I'm sure lots of people here have executed their Grand Vision for a project. But I'm also certain many of us never have.
When he says "...knowing Lisp destroyed my programming career" he just means that at some point in time he switched to other things. There was no "destruction". It was "a pivot"-- to use HN lingo.
I think anyone who makes programming (let alone programming in a particular tool/language) the absolute focus of their career is in for a major disappointment. The OP was NOT crushed by his realization. He just moved on and appears to have been very successful regardless. Not a big deal unless one is obsessed with Lisp.
The sales pitch is clear: don't become a better programmer, get a better toolkit.
I have been quite fortunate to have come into computers before this cloud of marketing madness overtook us. I got to watch the layers roll out one-by-one.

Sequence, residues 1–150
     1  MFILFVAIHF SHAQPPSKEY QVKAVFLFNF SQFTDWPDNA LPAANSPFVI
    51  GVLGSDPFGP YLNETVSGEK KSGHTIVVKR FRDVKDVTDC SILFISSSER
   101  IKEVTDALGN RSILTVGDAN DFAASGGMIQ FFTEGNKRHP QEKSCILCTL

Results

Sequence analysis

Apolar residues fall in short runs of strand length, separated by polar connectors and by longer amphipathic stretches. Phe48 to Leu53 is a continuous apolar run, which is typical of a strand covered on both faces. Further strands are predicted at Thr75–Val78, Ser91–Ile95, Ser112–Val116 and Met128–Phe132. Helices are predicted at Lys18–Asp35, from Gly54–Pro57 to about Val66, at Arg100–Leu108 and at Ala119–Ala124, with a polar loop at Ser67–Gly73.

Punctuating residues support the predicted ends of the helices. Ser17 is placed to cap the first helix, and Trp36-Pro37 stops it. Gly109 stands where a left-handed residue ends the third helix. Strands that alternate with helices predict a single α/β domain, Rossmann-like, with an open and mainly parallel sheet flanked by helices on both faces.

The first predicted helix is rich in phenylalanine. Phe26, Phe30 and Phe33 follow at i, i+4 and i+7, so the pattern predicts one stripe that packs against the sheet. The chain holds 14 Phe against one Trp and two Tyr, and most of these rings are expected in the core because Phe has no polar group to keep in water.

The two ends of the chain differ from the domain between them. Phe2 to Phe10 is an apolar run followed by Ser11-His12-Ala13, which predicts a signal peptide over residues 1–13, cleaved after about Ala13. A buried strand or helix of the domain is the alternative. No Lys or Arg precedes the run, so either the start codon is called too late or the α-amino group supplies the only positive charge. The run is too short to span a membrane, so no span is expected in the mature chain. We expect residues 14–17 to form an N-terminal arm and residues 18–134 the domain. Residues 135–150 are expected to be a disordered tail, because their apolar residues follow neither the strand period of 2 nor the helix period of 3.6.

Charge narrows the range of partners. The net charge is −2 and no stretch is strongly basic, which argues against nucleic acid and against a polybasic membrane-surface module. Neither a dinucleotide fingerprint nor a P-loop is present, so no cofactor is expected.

Honestly I have no idea how I would learn programming if I had to do it again today. It's just too much of a byzantine mess. Hell if I would start with the top layers, though. I'd rather know how to write simple code in BASIC than have a grasp of setting up a CRUD website using WhizBang 4.7 When you learn programming, well you should be learning how to program. Not how to breeze through stuff. Breezing through stuff is great when you already know what's going on -- but by the time you already know what's going on, it's unlikely you'll need the layer or framework. (Sadly, the most likely scenario is that you've invented yet another framework and are busy evangelizing it to others.)
This guy's story strikes me as poignant and indicative of where the industry is. They don't care if you can solve people's problems. They care if you're one of the cool kids. It's nerd signaling.